Electrostatic manipulation of the Fermi level in an ultrathin device

In addition to the manipulation of the bottom surface in the thick ribbons by substrate gating, the most attractive step is the flexible manipulation of the Fermi levels of both top and bottom surfaces, to position them close to the Dirac point. Such a control by electrostatic gating requires the nanoribbons to be thinned down. We etched a thick, Sb-doped ribbon (~100 nm) by argon plasma in a sputtering machine, and in situ deposited a 15-nm thick ZnO protection layer. In Fig. 4a, the ribbon is semitransparent with a thickness of 6 nm, more than 30 times thinner than the previous device (Fig. 3). This device has a very low electron concentration of 2.8×1012 cm−2 at zero Vg (Fig. 4b), roughly four times lower than that (~1013 cm−2) of the maximum density for pure surface conduction in the bulk band gap (Table 2). Accordingly, the Fermi levels of both the top and bottom surfaces are completely within the bulk band gap. In other words, the Fermi level crosses only the surface Dirac cone above the Dirac point.

Figure 4: Transport in an ultrathin Sb-doped Bi2Se3 nanoribbon with ZnO layer.
figure 4

(a) Device (Z2) schematic (top) and optical image (bottom) of thin ribbon sample (6 nm) of Sb 5% concentration. Scale bar indicates 3 μm. (b) Vg dependence of longitudinal resistance (Rxx) and Hall resistance (Rxy) measured at low magnetic field (B<1 T), at T=2 K. Hall resistance decreases as n-type carriers are depleted (Vg>−50 V); increases as induced p-type carriers from the bottom surface form a mixed state with decreasing n-type carriers (−65 V<Vg<−50 V); and decreases again as the entire sample becomes a hole conductor (Vg<−65 V). (c) Conductance (G) versus Vg curve is linear, except near the minimum conductance (equivalent to the conductivity of 0.9 G0). (d) Electron density (nH) plot as a function of Vg. It depends on Vg linearly in the wide range of voltage (−90 V to +80 V). (e) Semi-log scale plot of carrier density near its charge neutrality point (Dirac point). Band diagrams of top and bottom surfaces (inset) for samples with pure p-type conduction (left), mixed conduction (middle) and pure n-type conduction (right).

In this ultrathin nanoribbon with very low carrier concentration, its small thickness of 6 nm makes it possible to shift the Fermi level of the entire ribbon by electrostatic gating across the Dirac point. By sweeping Vg from positive to negative bias, its longitudinal resistance (Rxx) initially increases and reaches a peak value (~7 kΩ) around Vg of −50 V, and then decreases when further applying negative gate bias (black curve, Fig. 4b). The corresponding Hall slope (red curve, Fig. 4b) increases by more than ten times, and then switches the sign when Rxx reaches the peak value. These results clearly demonstrate the ambipolar field effect and suggest that the entire sample is converted from n-type to p-type. The sample conductance depends on the gating voltage linearly, except at the plateau of minimum conductance (~3.6G0, equivalent to 2D conductivity of 0.9 G0, where G0 is e2/h; Fig. 4c). The absence of zero conductance region during the ambipolar transition is due to the gapless surface states. The carrier density obtained by the Hall resistance, shown in Fig. 4d, also linearly depends on Vg. The sample remains purely n-type until Vg=−50 V, switches to a mixed carrier state in the range of −65 V<Vg<−50 V, and eventually to p-type when Vg<−65 V (Fig. 4e).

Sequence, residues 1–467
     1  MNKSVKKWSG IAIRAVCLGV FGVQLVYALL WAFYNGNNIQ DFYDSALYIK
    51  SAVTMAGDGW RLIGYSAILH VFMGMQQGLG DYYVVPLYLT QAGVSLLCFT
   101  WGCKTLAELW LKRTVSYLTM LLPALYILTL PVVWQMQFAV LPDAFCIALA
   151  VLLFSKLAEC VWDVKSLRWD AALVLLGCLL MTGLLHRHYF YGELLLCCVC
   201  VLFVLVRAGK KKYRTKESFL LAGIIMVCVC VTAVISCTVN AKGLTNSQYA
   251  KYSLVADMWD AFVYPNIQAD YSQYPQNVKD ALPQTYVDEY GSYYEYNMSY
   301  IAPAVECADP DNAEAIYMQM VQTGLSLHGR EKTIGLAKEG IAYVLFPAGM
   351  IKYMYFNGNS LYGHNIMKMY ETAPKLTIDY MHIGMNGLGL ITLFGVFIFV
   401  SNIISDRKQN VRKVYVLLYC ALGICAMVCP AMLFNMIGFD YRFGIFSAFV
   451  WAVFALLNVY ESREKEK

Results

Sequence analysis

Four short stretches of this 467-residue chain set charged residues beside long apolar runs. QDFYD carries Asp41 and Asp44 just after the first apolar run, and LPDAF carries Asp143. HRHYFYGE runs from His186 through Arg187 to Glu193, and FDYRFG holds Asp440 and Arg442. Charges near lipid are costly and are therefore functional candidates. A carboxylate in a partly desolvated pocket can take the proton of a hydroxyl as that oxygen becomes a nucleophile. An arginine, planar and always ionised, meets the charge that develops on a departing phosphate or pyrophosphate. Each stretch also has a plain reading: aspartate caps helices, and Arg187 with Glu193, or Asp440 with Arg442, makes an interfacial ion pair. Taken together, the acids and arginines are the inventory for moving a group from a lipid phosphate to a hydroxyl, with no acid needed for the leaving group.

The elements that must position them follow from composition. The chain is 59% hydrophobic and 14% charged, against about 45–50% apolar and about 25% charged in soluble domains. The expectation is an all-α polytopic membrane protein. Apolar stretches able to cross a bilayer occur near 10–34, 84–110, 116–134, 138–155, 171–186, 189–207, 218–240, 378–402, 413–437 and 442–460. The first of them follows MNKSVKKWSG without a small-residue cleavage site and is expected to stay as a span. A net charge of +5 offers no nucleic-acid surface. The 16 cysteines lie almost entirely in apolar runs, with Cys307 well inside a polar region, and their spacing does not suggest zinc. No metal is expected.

In the ultrathin device, the extremely low carrier density of nH=2×1011 cm−2 observed at Vg of −51 V indicates the Fermi levels of both surfaces simultaneously approach the Dirac point (Supplementary Fig. S2). The removal of bulk electrons in topological insulator nanostructures achieves this stringent condition to study interesting physics near the Dirac point by transport. For example, the dimensional crossover by the top and bottom surface hybridization creates the surface band gap at the Dirac point and may possess exotic edge states13,33,34. Massive Dirac Fermions35 and a new type of Hall effect36, by incorporation of magnetic dopants, will be another important physics near the Dirac point. Our experiment opens up the possibility that such interesting physics can be studied in nanoscale device transport, providing the material tunable near the Dirac point without excessive residual carriers. We also note that some studies propose that inhomogeneous Coulomb potential near the Dirac point26,37 can contribute to the minimum carrier density, similar to the case of graphene22,23. It would be another interesting topic in topological insulator transport, and further study is expected to understand the observed minimum conductivity.